Meanwhile, the 11th meeting of the Association of Southeast Asian Nations (ASEAN) Working Group on Social Forestry formally endorsed a proposal to develop agroforestry guidelines for the region. The Working Group, which consists of high-level representatives from forestry ministries in the member States, met on 15 June 2017, in Chiang Mai, Thailand. Led by the World Agroforestry Centre, the drafting process aims to combine scientific, local and policy knowledge to ensure that diverse perspectives are included in the final document. The Working Group developed a preliminary list of topics to be covered by the guidelines that includes: international, regional and national policy frameworks that have bearing on the development of agroforestry across Southeast Asia; a set of principles for the design and implementation of agroforestry programmes to ensure safeguards for vulnerable populations, including monitoring and certification options; models of agroforestry practices suitable for diverse biophysical and socioeconomic conditions of the region, with examples of competitive business cases; possible mechanisms for financing and sharing of benefits from agroforestry schemes; and mechanisms for adaptive learning, communications and knowledge exchange, including the role of research and analysis.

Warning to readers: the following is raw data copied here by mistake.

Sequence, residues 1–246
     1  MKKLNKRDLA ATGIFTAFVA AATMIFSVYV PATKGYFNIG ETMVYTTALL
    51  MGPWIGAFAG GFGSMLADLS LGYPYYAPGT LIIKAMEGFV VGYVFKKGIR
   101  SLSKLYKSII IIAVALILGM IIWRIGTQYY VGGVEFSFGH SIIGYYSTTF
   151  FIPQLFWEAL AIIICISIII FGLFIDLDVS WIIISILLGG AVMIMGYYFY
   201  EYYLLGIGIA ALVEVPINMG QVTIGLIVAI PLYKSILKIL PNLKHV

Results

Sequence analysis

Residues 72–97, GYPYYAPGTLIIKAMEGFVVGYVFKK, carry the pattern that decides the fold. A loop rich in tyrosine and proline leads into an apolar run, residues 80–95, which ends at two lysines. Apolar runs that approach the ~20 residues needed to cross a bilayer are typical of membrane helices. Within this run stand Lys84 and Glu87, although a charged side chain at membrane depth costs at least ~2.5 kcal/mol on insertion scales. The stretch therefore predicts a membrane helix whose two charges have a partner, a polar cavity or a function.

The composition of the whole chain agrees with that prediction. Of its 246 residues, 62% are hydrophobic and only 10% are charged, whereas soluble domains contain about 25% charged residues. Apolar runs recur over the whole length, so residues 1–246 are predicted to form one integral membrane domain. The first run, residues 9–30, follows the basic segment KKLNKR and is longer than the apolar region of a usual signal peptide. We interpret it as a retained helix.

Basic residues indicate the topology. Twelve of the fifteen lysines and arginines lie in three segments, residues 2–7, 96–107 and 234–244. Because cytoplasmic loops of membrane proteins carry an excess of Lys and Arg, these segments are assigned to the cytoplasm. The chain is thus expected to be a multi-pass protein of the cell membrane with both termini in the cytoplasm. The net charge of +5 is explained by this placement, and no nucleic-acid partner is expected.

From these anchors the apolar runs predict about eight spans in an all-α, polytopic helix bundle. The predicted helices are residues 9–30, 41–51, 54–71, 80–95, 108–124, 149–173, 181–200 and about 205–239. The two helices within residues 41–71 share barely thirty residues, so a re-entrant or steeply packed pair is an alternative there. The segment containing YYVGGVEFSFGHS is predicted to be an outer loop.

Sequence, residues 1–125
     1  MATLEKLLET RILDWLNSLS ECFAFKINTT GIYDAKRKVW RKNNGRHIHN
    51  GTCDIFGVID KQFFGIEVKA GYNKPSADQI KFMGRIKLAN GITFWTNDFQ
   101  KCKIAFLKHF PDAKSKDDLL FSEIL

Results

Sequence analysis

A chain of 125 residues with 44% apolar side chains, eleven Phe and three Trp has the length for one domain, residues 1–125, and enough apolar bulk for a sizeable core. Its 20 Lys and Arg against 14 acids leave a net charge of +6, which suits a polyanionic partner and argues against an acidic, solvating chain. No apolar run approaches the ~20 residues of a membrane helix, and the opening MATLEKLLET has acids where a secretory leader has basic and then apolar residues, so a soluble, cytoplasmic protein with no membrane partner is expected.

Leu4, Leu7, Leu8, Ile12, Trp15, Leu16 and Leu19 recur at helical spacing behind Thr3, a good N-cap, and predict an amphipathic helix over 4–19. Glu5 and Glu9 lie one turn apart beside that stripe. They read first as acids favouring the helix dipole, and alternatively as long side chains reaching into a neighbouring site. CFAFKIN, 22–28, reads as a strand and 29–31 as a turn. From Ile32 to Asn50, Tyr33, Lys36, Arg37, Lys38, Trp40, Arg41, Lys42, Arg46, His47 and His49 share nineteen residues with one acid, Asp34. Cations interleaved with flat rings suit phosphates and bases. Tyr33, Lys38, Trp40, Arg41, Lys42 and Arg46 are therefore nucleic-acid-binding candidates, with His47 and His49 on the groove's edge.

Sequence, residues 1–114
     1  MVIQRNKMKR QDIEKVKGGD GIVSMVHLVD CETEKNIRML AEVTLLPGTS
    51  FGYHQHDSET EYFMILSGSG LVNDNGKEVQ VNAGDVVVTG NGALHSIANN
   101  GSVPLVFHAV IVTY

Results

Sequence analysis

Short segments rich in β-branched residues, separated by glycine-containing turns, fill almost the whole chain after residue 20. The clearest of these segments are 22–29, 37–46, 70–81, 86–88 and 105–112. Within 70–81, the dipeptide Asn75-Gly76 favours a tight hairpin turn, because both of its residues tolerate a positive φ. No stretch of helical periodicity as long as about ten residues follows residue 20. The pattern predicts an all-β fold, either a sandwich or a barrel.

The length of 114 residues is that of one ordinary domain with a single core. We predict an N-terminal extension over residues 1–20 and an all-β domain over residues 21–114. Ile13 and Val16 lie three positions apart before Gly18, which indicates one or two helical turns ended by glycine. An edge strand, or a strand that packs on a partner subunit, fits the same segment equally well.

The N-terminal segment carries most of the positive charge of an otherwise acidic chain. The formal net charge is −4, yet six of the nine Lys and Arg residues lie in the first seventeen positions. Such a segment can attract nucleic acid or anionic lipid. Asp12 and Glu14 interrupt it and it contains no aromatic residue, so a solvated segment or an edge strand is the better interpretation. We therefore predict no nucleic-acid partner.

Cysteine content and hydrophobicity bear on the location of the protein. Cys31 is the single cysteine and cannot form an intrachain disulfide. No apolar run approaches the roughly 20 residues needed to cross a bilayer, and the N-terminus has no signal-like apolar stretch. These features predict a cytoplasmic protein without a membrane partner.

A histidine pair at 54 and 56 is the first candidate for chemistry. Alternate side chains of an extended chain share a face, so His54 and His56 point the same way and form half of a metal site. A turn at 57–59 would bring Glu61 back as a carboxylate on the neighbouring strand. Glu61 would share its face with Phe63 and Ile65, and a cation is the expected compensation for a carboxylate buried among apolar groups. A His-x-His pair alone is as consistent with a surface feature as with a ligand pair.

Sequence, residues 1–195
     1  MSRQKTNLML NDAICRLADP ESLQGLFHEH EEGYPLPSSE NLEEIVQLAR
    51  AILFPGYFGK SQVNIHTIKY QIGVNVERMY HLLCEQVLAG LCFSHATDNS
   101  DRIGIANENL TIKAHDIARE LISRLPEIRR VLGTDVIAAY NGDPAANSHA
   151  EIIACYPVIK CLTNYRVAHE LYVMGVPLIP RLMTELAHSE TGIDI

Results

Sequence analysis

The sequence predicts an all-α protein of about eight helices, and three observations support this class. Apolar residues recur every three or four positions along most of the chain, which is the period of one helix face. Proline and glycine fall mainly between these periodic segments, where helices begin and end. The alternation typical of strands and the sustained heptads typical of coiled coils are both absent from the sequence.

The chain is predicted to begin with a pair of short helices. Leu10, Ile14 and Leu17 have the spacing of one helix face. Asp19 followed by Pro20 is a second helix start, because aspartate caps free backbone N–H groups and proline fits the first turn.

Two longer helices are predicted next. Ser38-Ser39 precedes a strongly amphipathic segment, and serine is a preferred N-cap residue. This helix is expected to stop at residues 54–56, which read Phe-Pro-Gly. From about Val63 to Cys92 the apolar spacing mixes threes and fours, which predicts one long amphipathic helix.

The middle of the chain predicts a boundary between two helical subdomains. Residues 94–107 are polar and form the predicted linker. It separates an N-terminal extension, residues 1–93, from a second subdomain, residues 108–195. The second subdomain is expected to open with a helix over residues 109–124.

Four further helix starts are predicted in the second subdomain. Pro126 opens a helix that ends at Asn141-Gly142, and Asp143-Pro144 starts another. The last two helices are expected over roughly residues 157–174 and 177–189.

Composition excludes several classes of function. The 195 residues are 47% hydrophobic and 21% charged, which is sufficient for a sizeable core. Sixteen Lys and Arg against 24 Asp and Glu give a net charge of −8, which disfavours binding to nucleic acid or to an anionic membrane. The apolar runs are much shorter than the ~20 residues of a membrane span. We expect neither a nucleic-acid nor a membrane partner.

The report finds that the ASEAN region is poised to lose 70-90% of habitats and 13-42% of species by 2100.
In other developments, the ASEAN Centre for Biodiversity has published the second edition of the ASEAN Biodiversity Outlook (ABO), which tracks progress towards the achievement of the Convention on Biological Diversity (CBD) Aichi Biodiversity Targets and the implementation of the Strategic Plan for Biodiversity 2011-2020. The inaugural ABO was published in 2010 as a contribution to the 10th session of the Conference of the Parties (COP 10) to the CBD in Nagoya, Japan. ABO 2 employs a “Threats, Response and Way Forward” framework to discuss: the state of major terrestrial and aquatic habitats in the region; how these habitats are affected by drivers of biodiversity loss; and how member States have addressed these issues and articulated ways forward to meet the Aichi Biodiversity Targets. The report finds that the region is poised to lose 70-90% of habitats and 13-42% of species by 2100 and calls for concerted efforts to manage threats to biodiversity linked to, inter alia: habitat fragmentation; clearing for agriculture, infrastructure and housing development; and illegal wildlife trade. [FAO Press Release] [Voluntary Guidelines on National Forest Monitoring] [FAO Press Release on Forest Concessions Guidelines] [The Forest Concessions Initiative] [World Agroforestry Centre Press Release on ASEAN Agroforestry Guidelines] [ASEAN Biodiversity Outlook 2]